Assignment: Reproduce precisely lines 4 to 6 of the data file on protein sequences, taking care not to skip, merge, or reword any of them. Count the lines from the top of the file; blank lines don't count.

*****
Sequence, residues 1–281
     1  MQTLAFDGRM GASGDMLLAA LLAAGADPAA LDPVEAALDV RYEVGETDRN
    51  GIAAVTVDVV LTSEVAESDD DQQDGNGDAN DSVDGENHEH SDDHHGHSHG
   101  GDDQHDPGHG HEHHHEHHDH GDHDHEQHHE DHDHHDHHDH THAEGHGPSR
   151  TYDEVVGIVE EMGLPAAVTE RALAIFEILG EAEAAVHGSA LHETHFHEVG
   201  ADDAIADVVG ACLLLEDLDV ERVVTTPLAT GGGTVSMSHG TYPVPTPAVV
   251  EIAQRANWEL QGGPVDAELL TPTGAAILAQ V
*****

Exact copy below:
   101  GDDQHDPGHG HEHHHEHHDH GDHDHEQHHE DHDHHDHHDH THAEGHGPSR
   151  TYDEVVGIVE EMGLPAAVTE RALAIFEILG EAEAAVHGSA LHETHFHEVG
   201  ADDAIADVVG ACLLLEDLDV ERVVTTPLAT GGGTVSMSHG TYPVPTPAVV